Duncan Norvelle, 61, catapulted to fame in the 1980s with his catchphrase “chase me”. In the intervening years, the English comedian had kept a relatively low-profile until 2012, when he made headlines for a different reason. In April of that year Duncan had a stroke. Speaking to Leicestershire Live, the comedian opened up about that time.
I couldn’t feel my left side
Duncan explained that he initially experienced a chronic headache.
He said: “I put the telly on for a while, but even the light from the TV seemed too bright.”
After taking two paracetamols, he went to bed to try and alleviate the pain.
After sleeping soundly for next three hours, he got up to find his glasses and his legs suddenly buckled. He fell to the floor.
He said: “I tried to stand up and I couldn’t. I couldn’t feel my left side. I couldn’t use my arm, I couldn’t put any weight on my left leg.
“I was panicking. I was scared.”
According to the NHS, a stroke is a serious life-threatening medical condition that happens when the blood supply to part of the brain is cut off.
The signs and symptoms of a stroke vary from person to person, but usually begin suddenly.
As the health body explained: “As different parts of your brain control different parts of your body, your symptoms will depend on the part of your brain affected and the extent of the damage.”
The main stroke symptoms can be remembered with the word FAST:
- Face – the face may have dropped on one side, the person may not be able to smile, or their mouth or eye may have drooped.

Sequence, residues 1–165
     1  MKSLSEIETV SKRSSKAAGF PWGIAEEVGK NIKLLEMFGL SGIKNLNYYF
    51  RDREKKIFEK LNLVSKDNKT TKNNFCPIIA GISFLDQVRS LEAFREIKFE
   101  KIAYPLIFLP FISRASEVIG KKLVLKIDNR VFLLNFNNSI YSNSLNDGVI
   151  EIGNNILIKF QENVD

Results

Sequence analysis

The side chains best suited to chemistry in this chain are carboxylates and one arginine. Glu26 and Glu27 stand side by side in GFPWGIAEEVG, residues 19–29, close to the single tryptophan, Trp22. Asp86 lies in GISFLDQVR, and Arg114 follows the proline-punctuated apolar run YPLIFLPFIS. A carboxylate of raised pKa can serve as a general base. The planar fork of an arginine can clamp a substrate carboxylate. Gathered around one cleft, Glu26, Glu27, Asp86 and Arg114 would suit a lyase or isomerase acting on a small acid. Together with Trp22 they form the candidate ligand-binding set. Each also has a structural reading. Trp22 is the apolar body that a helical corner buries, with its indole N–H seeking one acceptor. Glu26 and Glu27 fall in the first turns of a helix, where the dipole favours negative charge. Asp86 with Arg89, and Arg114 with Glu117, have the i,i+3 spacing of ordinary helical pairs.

- Arms – the person may not be able to lift both arms and keep them there because of weakness or numbness in one arm.
- Speech – their speech may be slurred or garbled, or the person may not be able to talk at all despite appearing to be awake; they may also have problems understanding what you’re saying to them.
- Time – it’s time to dial 999 immediately if a person notices any of these signs or symptoms.
Some people, as in Duncan’s case, may experience a sudden and very severe headache resulting in a blinding pain unlike anything experienced before, expiated the health site.
Following on from his stroke, Duncan was admitted to hospital. He then had a second stroke.
“I blacked out during the first stroke,” said Duncan.
Adding: “I was conscious all the way through the second one. It was horrible.”
It seemed to go on and on, like it would never end, as everything around him went into slow motion, he said.
Duncan was initially given medication: “I took that, and I was out. Out cold. I woke up the next day in a hospital bed. I didn’t know what was happening.”
He spent the next 18 months in hospital, in Blackpool first, then Coalville Community Hospital. He has since made a good recovery and performs one or two comedy shows a month.
Treating a stroke
As the NHS explained, the specific treatments recommended depend on whether a stroke is caused by:
- A blood clot blocking the flow of blood to the brain (ischaemic stroke)
- Bleeding in or around the brain (haemorrhagic stroke)
“Treatment usually involves taking one or more different medicines, although some people may also need surgery,” explained the health body.
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